In general, rule #1 is, NEVER try to discipline your children when you are enraged at them. It's OK to be angry with them (you wouldn't be punishing them otherwise), but you must be able to be objective when disciplining, so that your punishments are fair and consistent, and you don't use them as a form of stress relief. If you are too mad to deal with the child's misdeed objectively, give the child to your spouse to deal with, or if the child has angered the both of you (or you're a single parent) sit them on the time-out stool as quickly and gently as you can manage and have them stay there until you have calmed down. It's a time-out for both of you in this case.


First, emotions are really big beasts inside us, and they can be scary things for any small child who doesn't feel he has the means to control them. Please keep in mind that your son isn't born knowing what to do when he feels angry or frustrated; these are just huge feelings inside his body and they feel really, really bad.

Your child will learn to cope with these feelings by modeling your behavior. If you yell and hit when you are angry, your child will yell and hit when he is angry. Of course, the irony is that you are angry and frustrated to such a degree precisely because he is not behaving properly when he is angry and frustrated.

Of course it is easy to be calm and objective when your child is not having a meltdown, but in the heat of the moment, it is not always so easy to control our own behavior and really think about what we are teaching our children. It can be especially difficult if his screaming fits wake his brother (I have two boys as well, so I understand). So the very first thing you need to do is deal with his tantrums constructively, before they escalate to point where you lose control.

He is five, so pretty well past the point where timeouts would be effective, however he is ripe for confining him to his room. It may be hard at first, but it won't take very many room confinements before he learns that he can scream to his heart's content and it still won't get him what he wants. I let my boy have tantrums in his room and I wait (and do breathing exercises to stay calm) until he calms down before I talk to him. His room is safe, and he is old enough to be in there alone for ten or fifteen minutes...or longer, if that's what it takes.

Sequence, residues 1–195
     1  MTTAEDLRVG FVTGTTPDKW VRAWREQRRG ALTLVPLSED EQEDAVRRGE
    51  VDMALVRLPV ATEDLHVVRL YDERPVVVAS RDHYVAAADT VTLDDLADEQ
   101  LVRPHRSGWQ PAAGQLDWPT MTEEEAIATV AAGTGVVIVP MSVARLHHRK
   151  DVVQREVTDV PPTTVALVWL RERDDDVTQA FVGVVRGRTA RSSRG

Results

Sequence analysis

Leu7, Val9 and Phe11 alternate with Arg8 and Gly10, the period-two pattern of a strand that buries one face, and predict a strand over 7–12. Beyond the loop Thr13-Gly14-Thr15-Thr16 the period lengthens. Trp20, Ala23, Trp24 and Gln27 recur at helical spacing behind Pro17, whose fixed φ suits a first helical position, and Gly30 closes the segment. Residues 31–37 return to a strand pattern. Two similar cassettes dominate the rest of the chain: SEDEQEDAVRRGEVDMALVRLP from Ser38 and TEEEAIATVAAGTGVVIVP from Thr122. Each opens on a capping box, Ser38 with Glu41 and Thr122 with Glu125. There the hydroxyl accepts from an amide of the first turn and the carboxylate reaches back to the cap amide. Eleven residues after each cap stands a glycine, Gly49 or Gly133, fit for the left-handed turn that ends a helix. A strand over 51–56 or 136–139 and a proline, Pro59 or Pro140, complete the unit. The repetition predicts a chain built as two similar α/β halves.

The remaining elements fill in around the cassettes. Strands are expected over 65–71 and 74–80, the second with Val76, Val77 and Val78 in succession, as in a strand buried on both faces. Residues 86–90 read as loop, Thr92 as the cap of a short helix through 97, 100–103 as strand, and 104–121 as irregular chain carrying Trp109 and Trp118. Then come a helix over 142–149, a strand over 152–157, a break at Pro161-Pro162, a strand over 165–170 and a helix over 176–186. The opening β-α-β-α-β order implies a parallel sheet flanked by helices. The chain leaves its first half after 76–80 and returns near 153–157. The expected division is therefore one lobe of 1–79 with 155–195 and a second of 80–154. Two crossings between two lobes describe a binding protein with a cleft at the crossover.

Room confinement is a means to help diffuse emotional tension so that a child can listen well enough to have his behavior corrected, and a parent is calm enough to explain the difference between correct and incorrect behavior. It is not a punishment. Once everybody has calmed down, I ask my son how he feels, and why he feels that way. Then I explain that his tantrum was disruptive and not nice, but I understand how he feels. Then I give an example of proper behavior, usually couched as an example of how I behave when I feel that way. Finally, I have him apologize and then we move on without harping on it.

So once you have a plan for coping with his tantrums and your anger, you should be able to reduce those tantrums by making bedtime feel comfortable and safe for him. There are a lot of different reasons why your son might have objected to bedtime, but right now, for certain, he has a very negative association with bedtime, and you can change that quickly.

Start with a solid routine (if you don't already have one) and focus on making your child feel good about getting ready for sleep. For instance, you can praise him for the things he can do by himself, and compliment his cooperation for the things he needs help with. Also, remember that bedtime is a time when your child's fears and anxieties can surface easily because he is tired and not well trained at controlling his emotions. It is a good time to bond with him by encouraging him to talk about his feelings (when he is still in control of them), and by showing your respect for his attempts to act appropriately, even if he is not always successful. Everything takes practice, so take notice when he is exerting emotional control and encourage him when you know how difficult it can be. These small things will increase his trust in you, and he will be less likely to have a tantrum in order to get you to pay attention to how he feels because he will come to believe that you actually care about his emotions and will listen to him if he wants to tell you that he is upset.

My specific recommendations to help with bedtime:

  1. Give him notice. "When this show is done, it will be bedtime."
  2. Make a firm statement when it is time. "OK, the show is done. It's time to turn off the TV. Let's go to bed."
  3. Bribery is OK if you offer it before the tantrums start, but do not negotiate. "I'm bringing a little dessert than you can have after you put your jammies on."
  4. Praise the little things early on. "Wow! You got your jammies on so fast!"
  5. Stick to a clear routine. Predictability (consistency) will help cancel negative associations. "What do we do next? Brush our teeth!"
  6. Have a night-night ritual. My son always asks me what I want to dream about.

It looks like negotiation isn't working here, so why not tell the child, "Because of your behaviour at bedtimes, we will be putting you to bed before your brother, until you start to behave properly."

And then stick to sending him to bed early for a week - say you'll check how he is doing then.

In the wider context, identifying when negotiation isn't working and taking steps to forestall the argument - define what will happen, and then stick to it, makes life easier. One of the most difficult things for children is when parents aren't consistent, or the parents give in - children need to know rules, and need discipline.


I really don't think this is something you should be trying to resolve on your own or via the Internet. Please seek family counseling via the yellow pages or Google for a counselor in your area, but I congrats you on making an active effort on trying to stop this and seeing it as a problem that needs to be addressed.